The teachers have been lying to us. For years. They've been covering it up. Papering over underfunding and mismanaged fiscal priorities with brightly coloured posters and sparkly stickers. Concealing an impoverished system by buying the damn supplies themselves. Without receiving so much as a tax break on those purchases.
Tales of government waste make for excellent news headlines. Bev Oda's infamous $16 orange juice probably got more media attention than the $45 billion F35 procurement debacle. Part of the reason is that people understand the value and cost of orange juice. Rather than focusing on waste, analysts and the media should instead focus on getting more value for money from governments. We need to pay less attention to tens of dollars and more attention to billions.
We must move beyond being revolted by the beheadings because that is the singular reaction ISIS seeks from those who do not respond by becoming recruits. Young radicals leaving Canada are individuals. We must see them as individuals and not just caricatures.
With polls suggesting a nail-biting finish to the referendum on Scottish independence Wednesday, it is unsurprising that so many Westminster MPs pleaded for the Queen to make a clear public declaration in favour of the "No" campaign. The unusually blunt response from Buckingham Palace, however, is far more intriguing, especially to Canadians.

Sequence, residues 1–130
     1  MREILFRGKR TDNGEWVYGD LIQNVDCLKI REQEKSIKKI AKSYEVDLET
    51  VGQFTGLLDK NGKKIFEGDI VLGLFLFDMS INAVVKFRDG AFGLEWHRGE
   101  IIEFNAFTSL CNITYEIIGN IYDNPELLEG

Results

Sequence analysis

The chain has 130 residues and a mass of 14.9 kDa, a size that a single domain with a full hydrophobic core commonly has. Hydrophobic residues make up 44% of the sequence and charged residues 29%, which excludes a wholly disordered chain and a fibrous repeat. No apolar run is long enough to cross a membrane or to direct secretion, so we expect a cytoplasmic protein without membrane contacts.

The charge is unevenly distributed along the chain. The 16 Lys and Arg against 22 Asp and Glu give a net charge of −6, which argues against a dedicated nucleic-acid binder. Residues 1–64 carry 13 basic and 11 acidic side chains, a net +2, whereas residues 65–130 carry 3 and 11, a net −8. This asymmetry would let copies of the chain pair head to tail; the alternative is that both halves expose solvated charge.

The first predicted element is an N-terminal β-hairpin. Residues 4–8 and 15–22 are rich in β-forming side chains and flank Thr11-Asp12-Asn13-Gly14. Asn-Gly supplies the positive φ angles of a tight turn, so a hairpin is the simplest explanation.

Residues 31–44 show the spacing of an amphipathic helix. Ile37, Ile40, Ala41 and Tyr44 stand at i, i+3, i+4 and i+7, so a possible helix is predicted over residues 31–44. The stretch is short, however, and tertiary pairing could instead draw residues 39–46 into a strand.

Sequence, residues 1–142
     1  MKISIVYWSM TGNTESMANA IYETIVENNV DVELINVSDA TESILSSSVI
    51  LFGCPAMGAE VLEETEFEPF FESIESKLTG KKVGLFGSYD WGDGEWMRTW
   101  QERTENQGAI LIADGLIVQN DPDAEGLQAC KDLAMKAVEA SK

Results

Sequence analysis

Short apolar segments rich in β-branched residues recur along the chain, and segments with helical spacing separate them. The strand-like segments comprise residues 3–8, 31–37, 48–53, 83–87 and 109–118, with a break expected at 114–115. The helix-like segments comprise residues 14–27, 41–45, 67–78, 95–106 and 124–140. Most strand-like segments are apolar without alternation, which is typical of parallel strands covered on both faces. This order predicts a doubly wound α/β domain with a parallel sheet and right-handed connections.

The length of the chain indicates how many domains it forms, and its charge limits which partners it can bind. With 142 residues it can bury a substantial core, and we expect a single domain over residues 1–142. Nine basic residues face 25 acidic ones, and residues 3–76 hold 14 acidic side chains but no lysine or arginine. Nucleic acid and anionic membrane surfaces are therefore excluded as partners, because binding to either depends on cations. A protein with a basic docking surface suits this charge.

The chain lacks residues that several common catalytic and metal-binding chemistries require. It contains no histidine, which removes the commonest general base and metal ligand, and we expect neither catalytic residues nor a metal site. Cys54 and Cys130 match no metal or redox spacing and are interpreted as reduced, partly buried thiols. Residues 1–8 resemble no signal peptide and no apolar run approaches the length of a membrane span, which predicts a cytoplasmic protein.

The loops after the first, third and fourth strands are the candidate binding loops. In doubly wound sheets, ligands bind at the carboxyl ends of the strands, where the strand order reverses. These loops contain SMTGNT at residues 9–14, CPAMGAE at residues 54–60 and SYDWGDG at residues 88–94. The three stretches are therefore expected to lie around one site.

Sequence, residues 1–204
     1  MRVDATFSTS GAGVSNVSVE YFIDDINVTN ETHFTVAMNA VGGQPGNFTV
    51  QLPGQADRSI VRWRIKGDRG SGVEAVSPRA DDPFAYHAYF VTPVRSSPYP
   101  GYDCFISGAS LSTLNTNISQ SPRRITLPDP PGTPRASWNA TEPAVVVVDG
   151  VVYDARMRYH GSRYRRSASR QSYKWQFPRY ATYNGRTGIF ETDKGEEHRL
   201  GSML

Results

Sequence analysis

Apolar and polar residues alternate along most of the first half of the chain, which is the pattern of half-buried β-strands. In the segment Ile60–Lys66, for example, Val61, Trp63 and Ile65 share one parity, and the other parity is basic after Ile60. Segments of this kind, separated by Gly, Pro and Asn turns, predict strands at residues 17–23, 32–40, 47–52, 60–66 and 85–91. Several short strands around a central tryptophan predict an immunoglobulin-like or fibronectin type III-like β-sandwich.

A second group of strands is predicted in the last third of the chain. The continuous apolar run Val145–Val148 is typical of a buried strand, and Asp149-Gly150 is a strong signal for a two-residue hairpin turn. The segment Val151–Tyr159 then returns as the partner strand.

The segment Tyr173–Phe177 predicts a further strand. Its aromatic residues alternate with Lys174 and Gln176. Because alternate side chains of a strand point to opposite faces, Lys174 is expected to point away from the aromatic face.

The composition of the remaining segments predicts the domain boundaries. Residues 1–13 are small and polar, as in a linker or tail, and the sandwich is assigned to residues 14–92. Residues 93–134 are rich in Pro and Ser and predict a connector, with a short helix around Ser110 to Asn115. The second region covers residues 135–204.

The values we used to be most proud of as Canadians are slipping away. We used to differentiate ourselves from the States because of our kindness. Our compassion. Our politeness. Our open-mindedness. Socialized medicine. These are progressive values. These are Canadian values. Or so I thought. Our heros have been fighters for the underdog. Tommy Douglas. David Suzuki. Jack Layton. Nellie McClung. Terry Fox. Yet somehow, most Canadians seem to be saying that progressive values don't speak to them anymore.
The "Action Plan" tabled in the House of Commons this week does nothing new to actually "Stop the Violence" against indigenous women and girls. Unfortunately the Prime Minister sees the overwhelmingly disproportionate number of indigenous women and girls facing violence, who go missing or who are murdered, as nothing more than crimes that should be investigated by the police after they happen.